If you’d rather stick to the traditional route, make your own card with contrasting colors and tactile elements. Using puffy paint to create raised letters, or adding ribbon, sequins, or foam shapes all add to the card experience.

Valentine’s Adaptive Gifts

It may not seem like it’s possible to turn a practical, adaptive gift into something appropriate for the holiday of love. But ILA actually has several items that make great Valentine’s Day presents.

Combine the practical and the sentimental! Our pendant magnifier comes in a pink heart frame. This 4X pendant magnifier is surrounded by a pink heart-shaped frame- perfect for Valentine’s Day! The magnifier measures a little over an inch across, and the chain is 28 inches.

The Sonic Boom Sweetheart Alarm Clock is a really fun gift. This hot pink heart with multi-colored display will brighten up any bedroom. The Sonic Boom Sweetheart Alarm has been designed especially for young ladies of all ages who are hard of hearing, or just hard of waking. It comes with an extra loud, adjustable alarm as well as a bed shaker.

Does your significant other love pockets? We have a red leather wallet that might fit the bill. This soft leather wallet has a lot of pockets to help organize all your stuff! Its easily accessible compartments include: 3 separate coin pockets, 1 zippered and three regular pockets for bills, 10 spaces for credit cards, a driver’s license, checkbooks, etc. And the Velcro closures are safe and easy to open. Measures 8″ X 3 3/4″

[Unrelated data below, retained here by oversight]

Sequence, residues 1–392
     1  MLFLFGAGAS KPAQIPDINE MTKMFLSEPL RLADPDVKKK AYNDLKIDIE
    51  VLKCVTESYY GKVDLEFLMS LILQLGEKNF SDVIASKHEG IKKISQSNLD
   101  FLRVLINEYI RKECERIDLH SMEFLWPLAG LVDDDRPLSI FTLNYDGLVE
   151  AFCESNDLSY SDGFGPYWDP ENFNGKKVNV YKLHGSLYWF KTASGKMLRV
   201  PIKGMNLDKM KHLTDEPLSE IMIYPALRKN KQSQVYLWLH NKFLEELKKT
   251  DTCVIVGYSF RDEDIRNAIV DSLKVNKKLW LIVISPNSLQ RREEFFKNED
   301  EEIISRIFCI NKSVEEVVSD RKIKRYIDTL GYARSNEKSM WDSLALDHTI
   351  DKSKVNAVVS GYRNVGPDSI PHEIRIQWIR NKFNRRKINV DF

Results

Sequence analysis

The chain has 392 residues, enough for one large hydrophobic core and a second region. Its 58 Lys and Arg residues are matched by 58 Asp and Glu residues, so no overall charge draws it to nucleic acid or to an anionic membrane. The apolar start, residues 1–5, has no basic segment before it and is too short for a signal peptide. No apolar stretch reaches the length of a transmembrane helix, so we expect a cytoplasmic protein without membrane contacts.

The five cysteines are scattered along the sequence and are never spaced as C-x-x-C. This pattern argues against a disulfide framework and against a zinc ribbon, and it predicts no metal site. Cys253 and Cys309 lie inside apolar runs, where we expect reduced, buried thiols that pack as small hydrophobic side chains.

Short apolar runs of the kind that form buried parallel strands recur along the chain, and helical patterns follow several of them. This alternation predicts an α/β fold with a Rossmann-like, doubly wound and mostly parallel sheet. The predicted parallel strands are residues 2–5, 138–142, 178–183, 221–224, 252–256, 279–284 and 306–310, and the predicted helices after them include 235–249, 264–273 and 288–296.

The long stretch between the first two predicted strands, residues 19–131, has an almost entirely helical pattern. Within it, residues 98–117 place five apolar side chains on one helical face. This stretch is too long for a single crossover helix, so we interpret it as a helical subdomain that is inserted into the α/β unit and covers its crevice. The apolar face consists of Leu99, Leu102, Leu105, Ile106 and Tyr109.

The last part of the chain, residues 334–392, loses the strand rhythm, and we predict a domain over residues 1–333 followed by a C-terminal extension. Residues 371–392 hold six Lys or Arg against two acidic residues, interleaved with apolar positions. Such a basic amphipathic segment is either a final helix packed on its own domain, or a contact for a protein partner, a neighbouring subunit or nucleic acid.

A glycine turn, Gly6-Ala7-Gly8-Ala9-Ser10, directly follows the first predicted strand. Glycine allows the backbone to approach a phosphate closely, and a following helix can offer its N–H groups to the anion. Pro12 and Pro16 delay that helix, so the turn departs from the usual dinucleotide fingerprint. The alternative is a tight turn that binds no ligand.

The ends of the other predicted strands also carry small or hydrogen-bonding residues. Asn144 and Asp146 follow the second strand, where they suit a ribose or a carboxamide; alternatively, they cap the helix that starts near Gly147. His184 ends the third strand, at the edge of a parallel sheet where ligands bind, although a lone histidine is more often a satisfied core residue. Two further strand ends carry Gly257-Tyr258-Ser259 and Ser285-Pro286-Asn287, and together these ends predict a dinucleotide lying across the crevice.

An item doesn’t have to be red or heart-shaped to make a thoughtful present. And you don’t have to only show your love on Valentine’s Day. For more great gift ideas, Check out all of our VISION items.

 

 

 

 

What You Need to Know About Low Vision

“Not all forms of vision impairment come with a guide dog and a white stick.”

This quote, by Sarah Coats, was featured in The Mighty article, “23 Truths Blind and Visually Impaired People Wish Others Understood.” There is a lot of misinformation about low vision. February is the month designated to promote awareness about what low vision is, and make people aware of the benefits of vision rehabilitation.